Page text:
High thermal conductivity is helpful for thermal control and management, and superhydrophobicity can benefit fluid friction reduction and liquid droplet control in micro-/nanodevices. We report on a nano-molding technique that can prepare polyethylene nanowire arrays with high thermal conductivity (more than 10W/m-K) and superhydrophobicity (contact angle >150). The thermal conductivities of the fabricated high-density polyethylene nanowire arrays with diameters of 100nm and 200nm, measured by a laser flash method, are about 2 orders of magnitude higher than their bulk counterparts. The estimated thermal conductivity of a single high-density polyethylene nanowire is as high as 26.5W/m-K at room temperature, while the thermal conductivity of low-density polyethylene nanowire is a little smaller. The self-organized surfaces of polymer nanowire arrays are found to have micro-to-nanoscale hierarchical nanostructures, and have superhydrophobicity of greater than 150 contact angles for water. We also measure the wettability of organic liquids, including glycerin, ethanol, paraffin liquid, and methyl silicone oil. We find glycerin gives hydrophobic wettability, but the others give hydrophilic wettabilities. This technique is promising for fabrication due to the advantages of simple fabrication, high quality, low cost, and mass production.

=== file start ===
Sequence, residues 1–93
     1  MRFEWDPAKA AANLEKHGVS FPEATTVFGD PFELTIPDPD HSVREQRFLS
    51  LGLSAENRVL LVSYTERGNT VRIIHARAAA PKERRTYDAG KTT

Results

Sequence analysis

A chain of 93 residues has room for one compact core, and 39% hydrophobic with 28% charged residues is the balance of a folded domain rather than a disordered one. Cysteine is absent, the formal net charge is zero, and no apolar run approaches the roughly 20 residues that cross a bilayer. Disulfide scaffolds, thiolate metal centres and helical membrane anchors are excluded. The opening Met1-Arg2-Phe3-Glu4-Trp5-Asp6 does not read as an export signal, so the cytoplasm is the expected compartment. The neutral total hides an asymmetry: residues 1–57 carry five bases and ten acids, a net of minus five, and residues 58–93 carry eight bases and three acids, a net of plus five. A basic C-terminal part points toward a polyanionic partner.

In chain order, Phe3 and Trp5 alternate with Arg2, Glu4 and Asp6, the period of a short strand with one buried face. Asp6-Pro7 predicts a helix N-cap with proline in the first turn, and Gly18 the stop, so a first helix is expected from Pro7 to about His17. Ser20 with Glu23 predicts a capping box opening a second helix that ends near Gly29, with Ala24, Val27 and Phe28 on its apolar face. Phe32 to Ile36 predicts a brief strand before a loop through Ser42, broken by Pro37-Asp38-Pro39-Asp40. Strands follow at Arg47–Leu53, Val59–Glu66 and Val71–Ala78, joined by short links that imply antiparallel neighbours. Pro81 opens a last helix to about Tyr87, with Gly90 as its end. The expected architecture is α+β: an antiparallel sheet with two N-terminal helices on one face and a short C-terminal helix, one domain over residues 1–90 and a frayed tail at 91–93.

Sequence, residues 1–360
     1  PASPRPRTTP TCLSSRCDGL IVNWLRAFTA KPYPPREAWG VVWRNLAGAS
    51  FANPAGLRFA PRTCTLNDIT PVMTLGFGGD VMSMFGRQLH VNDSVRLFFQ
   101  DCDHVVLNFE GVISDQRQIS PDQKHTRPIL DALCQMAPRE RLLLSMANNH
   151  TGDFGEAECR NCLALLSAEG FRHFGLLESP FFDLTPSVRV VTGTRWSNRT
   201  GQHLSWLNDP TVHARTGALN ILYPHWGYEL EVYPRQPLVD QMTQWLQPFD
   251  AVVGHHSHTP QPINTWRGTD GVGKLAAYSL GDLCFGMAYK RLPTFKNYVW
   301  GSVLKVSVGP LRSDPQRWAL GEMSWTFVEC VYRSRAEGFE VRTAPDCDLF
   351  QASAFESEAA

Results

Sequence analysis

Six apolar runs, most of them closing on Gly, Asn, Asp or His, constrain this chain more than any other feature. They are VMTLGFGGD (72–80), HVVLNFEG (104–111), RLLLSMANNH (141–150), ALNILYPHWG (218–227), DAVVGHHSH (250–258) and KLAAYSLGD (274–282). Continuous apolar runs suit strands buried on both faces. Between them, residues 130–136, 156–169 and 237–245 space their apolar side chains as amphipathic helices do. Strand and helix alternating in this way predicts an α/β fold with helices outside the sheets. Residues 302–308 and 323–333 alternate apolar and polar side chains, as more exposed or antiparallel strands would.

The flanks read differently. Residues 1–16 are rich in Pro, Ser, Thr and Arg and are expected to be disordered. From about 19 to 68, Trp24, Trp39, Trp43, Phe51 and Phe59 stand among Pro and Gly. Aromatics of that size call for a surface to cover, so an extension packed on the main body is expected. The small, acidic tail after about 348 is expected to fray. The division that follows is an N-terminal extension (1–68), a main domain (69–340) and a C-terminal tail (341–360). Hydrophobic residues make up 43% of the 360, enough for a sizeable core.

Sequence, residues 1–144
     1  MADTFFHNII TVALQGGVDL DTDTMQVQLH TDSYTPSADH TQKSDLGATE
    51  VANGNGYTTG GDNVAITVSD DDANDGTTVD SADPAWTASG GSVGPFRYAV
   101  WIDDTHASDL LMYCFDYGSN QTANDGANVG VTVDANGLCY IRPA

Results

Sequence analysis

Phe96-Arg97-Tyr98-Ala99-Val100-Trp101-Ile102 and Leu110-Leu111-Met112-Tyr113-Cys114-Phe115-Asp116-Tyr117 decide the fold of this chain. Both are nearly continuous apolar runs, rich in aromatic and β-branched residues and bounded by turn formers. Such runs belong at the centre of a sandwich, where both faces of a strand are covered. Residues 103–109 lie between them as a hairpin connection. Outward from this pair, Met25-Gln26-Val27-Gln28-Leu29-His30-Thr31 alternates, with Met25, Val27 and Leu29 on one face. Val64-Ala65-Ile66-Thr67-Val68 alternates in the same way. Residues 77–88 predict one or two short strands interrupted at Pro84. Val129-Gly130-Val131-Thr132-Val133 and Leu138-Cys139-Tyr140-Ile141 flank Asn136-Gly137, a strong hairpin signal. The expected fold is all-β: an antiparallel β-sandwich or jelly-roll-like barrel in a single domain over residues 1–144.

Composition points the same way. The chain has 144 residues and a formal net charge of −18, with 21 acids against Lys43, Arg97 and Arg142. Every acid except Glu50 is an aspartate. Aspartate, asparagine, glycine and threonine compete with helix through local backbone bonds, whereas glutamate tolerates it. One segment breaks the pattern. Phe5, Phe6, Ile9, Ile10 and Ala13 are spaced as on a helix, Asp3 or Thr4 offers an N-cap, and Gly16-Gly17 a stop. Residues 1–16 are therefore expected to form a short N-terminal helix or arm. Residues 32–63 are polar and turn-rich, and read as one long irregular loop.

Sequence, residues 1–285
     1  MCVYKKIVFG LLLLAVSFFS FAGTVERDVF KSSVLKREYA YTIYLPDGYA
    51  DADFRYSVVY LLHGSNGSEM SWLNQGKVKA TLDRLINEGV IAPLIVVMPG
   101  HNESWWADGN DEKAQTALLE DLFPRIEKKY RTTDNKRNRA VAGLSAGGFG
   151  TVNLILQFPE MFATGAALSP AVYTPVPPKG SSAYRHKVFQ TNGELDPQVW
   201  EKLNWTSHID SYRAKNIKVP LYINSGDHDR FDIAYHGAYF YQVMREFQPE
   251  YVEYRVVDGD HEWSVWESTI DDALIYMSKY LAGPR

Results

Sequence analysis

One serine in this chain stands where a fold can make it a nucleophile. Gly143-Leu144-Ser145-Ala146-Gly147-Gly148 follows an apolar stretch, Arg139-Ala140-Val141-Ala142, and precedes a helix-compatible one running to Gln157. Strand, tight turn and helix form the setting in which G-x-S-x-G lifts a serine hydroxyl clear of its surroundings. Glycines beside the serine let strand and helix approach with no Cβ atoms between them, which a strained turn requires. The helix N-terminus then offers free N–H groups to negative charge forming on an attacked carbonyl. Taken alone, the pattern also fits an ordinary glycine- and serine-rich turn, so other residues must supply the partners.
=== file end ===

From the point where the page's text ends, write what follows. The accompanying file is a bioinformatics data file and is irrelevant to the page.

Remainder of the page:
ASJC Scopus subject areas
- Condensed Matter Physics
- Mechanical Engineering
- Fluid Flow and Transfer Processes